"The network of alumni was helpful because our team had a lot of experience in consulting, but not in private equity."
Gerardo Guzman
MBA
RETAIL AND CONSUMER GOODS Luxury beauty and the multicultural consumer
"The goal of the Retail and Consumer Goods Club is to provide networking opportunities for students at MIT Sloan, and to educate students about different functions within the retail and CPG space. We bring in executive-level speakers to educate our community on this topic."
Nga Phan
MBA, co-president of Retail and Consumer Goods Club
G-LAB: NAM MEE BOOKS, THAILAND Helping a book publisher mature

“It was really rewarding that they wanted to know what we thought. We left there being fairly certain that they will do some of the things that we suggested.”

Lia Cavalcante
MBA
SLOAN FELLOW Getting serious about going global
"I had interviews and visited other business schools, and it’s nothing like the environment that we have here at MIT Sloan."
Abner Oliviera
SF
S-LAB: JAKARTA WATERSHED Combating a clean water crisis

“You could talk about watershed management and conservation of energy all you want. But until you put numbers to it and financial analysis to it, you’re not going to get much done. I came to business school to speak that language, speak with people in terms of numbers, financial numbers so that I can get projects done.”

Ian Lavery
MBA
G-LAB: MERCY CORPS, INDONESIA Using business principles to address malnutrition

“The conditions in the neighborhoods we were visiting were different than what we realized before getting there. Beyond that, what was surprising was that there weren’t surprises!”

Libby Putman
MBA
G-LAB: PRIVATE HEALTH CARE IN AFRICA Defining growth at a for-profit clinic

“At MIT Sloan you have a lot of opportunities to explore entrepreneurship. Especially in a place like Kampala where you have a lot of development, entrepreneurship can be very exciting.”

Anne Reilly
MBA
INDIA LAB: EDUCATIONAL ENHANCEMENT Creating employable workers to boost the economy

“I knew about American business, but not enough about what’s really become a global economy. … You can read about it all you want, but there’s no substitute for being there and seeing the context and seeing how completely different these [other countries] are.”

Ted Chan
MBA
$100K WINNERS: C-CRETE TECHNOLOGIES Reducing the environmental impact of concrete

“One of the reasons I came to Sloan was because I wanted to be at a top MBA institution worldwide. But I also wanted access to working with the latest innovations and the highest technology that was coming out of the MIT labs.”

Natanel Barookhian
MBA
G-LAB, KUALA LUMPUR Assessing the future of the Smart Card
"You have to manage what you can deliver for the company and what the company is expecting. The bottom line is that the CEOs of those companies want results. Even though we have to work five months in a row with the project, we have to deliver. This experience is more pragmatic than academic. It's a good opportunity to match those two worlds."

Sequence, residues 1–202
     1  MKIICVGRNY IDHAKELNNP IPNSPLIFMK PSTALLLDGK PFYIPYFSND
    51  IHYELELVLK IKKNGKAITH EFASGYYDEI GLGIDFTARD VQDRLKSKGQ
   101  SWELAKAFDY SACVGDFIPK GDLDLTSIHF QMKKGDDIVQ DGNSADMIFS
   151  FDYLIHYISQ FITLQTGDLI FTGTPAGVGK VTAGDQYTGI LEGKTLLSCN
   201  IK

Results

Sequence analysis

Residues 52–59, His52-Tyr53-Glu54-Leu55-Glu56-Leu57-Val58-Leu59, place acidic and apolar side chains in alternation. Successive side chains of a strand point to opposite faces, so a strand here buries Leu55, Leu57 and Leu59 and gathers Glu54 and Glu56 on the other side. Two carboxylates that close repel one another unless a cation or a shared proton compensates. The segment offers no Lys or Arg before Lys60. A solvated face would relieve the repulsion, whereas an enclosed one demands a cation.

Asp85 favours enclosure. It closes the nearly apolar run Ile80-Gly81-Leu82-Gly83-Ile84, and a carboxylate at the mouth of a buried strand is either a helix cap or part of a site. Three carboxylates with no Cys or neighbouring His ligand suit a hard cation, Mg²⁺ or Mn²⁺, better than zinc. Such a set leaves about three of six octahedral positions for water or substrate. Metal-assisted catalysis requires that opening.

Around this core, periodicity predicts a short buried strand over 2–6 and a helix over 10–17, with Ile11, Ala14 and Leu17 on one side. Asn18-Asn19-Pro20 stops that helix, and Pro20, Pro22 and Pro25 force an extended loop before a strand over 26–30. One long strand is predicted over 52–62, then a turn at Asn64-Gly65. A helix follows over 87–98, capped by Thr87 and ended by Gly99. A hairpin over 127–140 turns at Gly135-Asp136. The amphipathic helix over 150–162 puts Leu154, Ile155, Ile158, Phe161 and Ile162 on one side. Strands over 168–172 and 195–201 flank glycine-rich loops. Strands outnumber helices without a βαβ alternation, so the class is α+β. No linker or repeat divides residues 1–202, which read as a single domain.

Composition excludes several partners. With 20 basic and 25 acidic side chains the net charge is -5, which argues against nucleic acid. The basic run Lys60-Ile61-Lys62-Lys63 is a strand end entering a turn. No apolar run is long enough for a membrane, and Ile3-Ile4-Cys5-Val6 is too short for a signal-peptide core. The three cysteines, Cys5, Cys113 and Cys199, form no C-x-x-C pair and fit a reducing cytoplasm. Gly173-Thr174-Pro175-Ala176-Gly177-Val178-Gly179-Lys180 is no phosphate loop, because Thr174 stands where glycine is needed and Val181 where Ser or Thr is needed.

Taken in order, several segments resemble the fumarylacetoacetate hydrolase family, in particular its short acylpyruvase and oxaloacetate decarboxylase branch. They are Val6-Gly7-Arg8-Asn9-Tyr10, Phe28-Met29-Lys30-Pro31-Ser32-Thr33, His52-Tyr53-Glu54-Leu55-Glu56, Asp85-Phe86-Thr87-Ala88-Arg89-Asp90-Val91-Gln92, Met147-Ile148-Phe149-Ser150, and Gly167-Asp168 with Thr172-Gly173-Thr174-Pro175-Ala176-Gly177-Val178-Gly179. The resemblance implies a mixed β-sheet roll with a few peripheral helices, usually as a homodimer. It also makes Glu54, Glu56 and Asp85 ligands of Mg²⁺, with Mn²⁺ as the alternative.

Camilo Syllos
MBA
LEADERS FOR GLOBAL OPERATIONS Connecting management and technology
“We are preparing leaders to run the world’s operations companies. And those leaders are at the cutting edge of both management and technology.”
Don Rosenfield
senior lecturer and director of the Leaders for Global Operations
G-LAB: WARMBATHS HOSPITAL, SOUTH AFRICA Improving staffing at a maternity ward

“The assistant to the CEO was like our host mom while we were there. She arranged our housing for us, she took us out to her friend’s game farm, and we got driven around in 4x4s. She was just wonderful to meet, and we developed a personal as well as professional relationship with her.”

Kelsey McCarty
MBA
SWITZER FELLOWSHIP WINNER JASON JAY Focusing on environmental research and leadership

 “I love being in a place that is such a nexus of people and ideas — people coming to learn something new and to define themselves. Being a part of that process is a real honor and a real gift.”

Jason Jay
Lecturer, Sustainability, MIT Sloan
COURAGE AND STRENGTH Supporting a student with breast cancer
"The Sloan community really rallied around me in a way that I totally didn’t anticipate. … It was just really nice to be a part of a community that I was totally comfortable in and felt completely supported by."
Kyle Maner
MBA
INDIA LAB: BANGALORE Working toward market expansion

“These companies are really excited to work with MIT students.They reach out to the community to set up these projects and are great to work with. They give us access to all their resources and are very open to us.”

Katie Baron
MBA

“Rather than produce a ‘cookie-cutter’ replica of MIT Sloan, the MIT-China Management Education Project encourages Chinese management faculty to develop MIT Sloan’s knowledge base responsively to local context and opportunity.”

- Susan Hockfield
Former MIT President (2004-2012)